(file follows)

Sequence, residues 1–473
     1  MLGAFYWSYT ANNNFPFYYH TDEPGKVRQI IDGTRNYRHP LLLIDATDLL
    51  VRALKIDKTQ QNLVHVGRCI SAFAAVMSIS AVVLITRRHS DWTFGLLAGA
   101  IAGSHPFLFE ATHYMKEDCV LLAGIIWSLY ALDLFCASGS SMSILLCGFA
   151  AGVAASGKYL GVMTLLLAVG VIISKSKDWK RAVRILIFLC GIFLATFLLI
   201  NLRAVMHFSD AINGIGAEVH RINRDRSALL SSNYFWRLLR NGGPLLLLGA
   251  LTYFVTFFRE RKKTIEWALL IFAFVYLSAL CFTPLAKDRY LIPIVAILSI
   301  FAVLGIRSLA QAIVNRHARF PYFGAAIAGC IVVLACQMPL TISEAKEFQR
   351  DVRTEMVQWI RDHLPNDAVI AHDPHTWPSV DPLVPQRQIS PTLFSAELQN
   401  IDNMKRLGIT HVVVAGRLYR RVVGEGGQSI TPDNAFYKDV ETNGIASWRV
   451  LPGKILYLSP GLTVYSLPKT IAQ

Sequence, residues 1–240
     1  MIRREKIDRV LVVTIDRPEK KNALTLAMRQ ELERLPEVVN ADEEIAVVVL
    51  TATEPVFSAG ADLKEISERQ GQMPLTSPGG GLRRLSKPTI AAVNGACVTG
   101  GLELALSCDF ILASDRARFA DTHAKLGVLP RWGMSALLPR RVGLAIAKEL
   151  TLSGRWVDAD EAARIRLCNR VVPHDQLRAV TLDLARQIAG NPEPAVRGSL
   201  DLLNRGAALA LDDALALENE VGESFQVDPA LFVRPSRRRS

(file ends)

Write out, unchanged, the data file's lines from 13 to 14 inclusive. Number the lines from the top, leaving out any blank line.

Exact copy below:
     1  MIRREKIDRV LVVTIDRPEK KNALTLAMRQ ELERLPEVVN ADEEIAVVVL
    51  TATEPVFSAG ADLKEISERQ GQMPLTSPGG GLRRLSKPTI AAVNGACVTG